Dr. Dennis Neder, Author: "Being a Man in a Woman's World"
"Being able to afford having children doesn't make you a mother any more than having a function reproductive system does. That's just ridiculous!"
I've been dating off and on since my divorce a few years ago. I generally am completely open with my dates, and willingly share information about my life history.
I've just met a gal who is a Psychologist. She has challenged my practice, saying that there are some things that are better not to share with your dates. For example, she doesn't want to know about sexual relations I had with my last partner, and has been unwilling to disclose much about her own recent sexual history. Her stated concern is that I might judge her if I don't like something she's done in the past, or vice versa.
I am curious, is there a general position that psychologists or psychiatrists take on sharing one's life history with people you are dating?
I couldn't agree more - with her.
This belief you have in being totally open and honest; while a lofty goal isn't healthy or practical; let alone possible.
There is a general belief that being totally open and honest is somehow the cornerstone of a good relationship. That's just not the case. This is an attempt by those with great fear of being lied to and a lack of belief and trust in themselves to deal with other's lies, to off-load their own responsibilities onto someone else and to make that person responsible for their personal mental health.
I'm not advocating the opposite here, but trying to be totally open and honest may feel good on the surface but is not otherwise healthy.
Here's the reality: everybody, but everybody lies. That's just the way it is. Lying is such a part of the human experience it's built right into our communication systems. In fact, it's impossible not to lie! Likewise, it's impossible to be totally open and honest too. Trying to hold someone else to a standard of not lying isn't reasonable when we, ourselves can't even meet it.
You're taking that mistaken belief to an extreme by "outing yourself" on things that your dates really don't need or even want to know!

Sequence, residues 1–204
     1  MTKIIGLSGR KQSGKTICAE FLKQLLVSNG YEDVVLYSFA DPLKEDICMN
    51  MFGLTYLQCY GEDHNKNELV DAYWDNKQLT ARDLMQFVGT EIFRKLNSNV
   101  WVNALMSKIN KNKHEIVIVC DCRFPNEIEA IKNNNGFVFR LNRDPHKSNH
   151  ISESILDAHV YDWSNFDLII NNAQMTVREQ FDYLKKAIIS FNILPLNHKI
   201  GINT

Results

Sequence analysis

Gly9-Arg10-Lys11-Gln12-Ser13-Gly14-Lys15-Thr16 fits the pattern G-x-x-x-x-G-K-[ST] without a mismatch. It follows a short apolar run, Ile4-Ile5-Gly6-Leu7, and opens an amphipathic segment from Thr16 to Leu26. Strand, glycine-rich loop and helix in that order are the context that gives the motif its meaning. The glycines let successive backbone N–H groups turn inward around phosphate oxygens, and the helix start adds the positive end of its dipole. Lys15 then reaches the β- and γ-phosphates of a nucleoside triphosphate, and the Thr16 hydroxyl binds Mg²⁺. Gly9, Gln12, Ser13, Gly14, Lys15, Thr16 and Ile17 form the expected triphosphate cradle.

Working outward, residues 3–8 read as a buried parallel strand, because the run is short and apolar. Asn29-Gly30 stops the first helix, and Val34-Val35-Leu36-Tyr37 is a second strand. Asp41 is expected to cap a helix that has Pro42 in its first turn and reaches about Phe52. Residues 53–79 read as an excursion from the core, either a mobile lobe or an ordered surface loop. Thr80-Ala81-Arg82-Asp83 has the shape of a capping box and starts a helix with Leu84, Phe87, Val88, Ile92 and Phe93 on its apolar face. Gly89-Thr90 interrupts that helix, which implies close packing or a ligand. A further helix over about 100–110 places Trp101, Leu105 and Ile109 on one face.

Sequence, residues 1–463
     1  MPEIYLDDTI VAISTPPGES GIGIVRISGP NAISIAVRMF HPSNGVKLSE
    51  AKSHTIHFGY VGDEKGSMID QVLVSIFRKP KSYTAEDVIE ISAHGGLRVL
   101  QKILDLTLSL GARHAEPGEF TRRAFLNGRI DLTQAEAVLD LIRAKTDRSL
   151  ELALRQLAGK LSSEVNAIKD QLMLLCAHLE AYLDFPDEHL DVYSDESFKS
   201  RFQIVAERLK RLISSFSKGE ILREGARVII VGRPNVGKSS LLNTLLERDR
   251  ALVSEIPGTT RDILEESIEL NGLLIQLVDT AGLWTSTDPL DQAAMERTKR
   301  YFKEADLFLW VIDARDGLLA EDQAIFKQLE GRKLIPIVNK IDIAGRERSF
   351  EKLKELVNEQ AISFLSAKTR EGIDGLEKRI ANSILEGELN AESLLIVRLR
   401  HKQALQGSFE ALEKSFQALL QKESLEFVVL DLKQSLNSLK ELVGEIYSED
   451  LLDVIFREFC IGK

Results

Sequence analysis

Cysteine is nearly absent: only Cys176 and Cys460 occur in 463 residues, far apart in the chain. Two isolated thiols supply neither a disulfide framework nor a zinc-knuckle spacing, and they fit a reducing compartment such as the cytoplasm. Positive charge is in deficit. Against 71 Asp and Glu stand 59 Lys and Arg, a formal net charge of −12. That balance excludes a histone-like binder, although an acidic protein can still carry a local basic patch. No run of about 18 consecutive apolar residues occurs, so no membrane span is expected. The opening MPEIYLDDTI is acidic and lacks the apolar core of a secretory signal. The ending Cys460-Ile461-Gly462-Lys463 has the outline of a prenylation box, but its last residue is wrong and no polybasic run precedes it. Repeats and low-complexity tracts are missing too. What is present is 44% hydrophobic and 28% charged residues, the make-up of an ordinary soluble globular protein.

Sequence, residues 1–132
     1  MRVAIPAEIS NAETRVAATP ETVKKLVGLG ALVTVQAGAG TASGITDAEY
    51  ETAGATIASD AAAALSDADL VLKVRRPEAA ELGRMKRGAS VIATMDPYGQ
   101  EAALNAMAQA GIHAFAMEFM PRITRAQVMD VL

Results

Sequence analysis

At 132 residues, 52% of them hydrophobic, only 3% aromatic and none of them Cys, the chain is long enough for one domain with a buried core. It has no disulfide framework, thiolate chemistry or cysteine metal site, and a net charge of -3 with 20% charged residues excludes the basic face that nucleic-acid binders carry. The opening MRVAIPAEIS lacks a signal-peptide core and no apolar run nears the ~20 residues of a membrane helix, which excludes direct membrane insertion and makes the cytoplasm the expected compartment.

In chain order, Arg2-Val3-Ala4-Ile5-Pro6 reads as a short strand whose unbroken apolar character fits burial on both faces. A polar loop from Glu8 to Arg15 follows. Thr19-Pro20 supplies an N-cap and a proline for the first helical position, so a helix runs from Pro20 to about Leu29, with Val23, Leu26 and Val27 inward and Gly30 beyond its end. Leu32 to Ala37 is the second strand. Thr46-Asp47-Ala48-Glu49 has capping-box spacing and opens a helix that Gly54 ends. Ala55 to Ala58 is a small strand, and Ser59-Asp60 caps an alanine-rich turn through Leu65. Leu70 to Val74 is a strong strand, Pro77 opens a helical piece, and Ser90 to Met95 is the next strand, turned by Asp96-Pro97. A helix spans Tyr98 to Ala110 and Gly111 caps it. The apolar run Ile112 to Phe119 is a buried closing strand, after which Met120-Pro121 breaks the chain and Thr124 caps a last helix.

George, nobody buys a novel only to turn to the last page to find out who "did it", and then puts it on the shelf, satisfied. Another part of the human experience is the joy of discovering who our partners (and dates) are. This happens over time as we gather information and build a picture - and sometimes that picture gets changed in both subtle and some not-so-subtle ways. This unfolding of reality helps us to "discover" the other person and frankly, is more than half the fun.
You're trying to unload every truth up front as though your dates will somehow benefit from the knowledge. They won't, and frankly, that just puts far too much pressure on them anyway.
In fact, this psychologist is spot-on. Don't feel that you need to unload (more like "vomit") any part of your life all over someone as though that's "healthy" and will build a solid relationship - it's not, and it won't. Not even if lying was what caused your divorce.
Dr. Dennis Neder
Have a love, relationship or man/woman question? I answer all email. You can write to me at firstname.lastname@example.org for answers.
For more information about my book, "Being a Man in a Woman's World", visit: www.beingaman.com
Copyright (c) Dr. Dennis W. Neder All rights reserved.
Dr. Dennis W. Neder
Author of: Being a Man in a Woman's World
Dedicated to advancing the arts and sciences of relationships.
Start having the relationships YOU deserve!
Got a love, relationship or man/woman question? I answer all letters. You can write to me at email@example.com for answers. For more information about my book, "Being a Man in a Woman's World", visit: www.remingtonpublications.com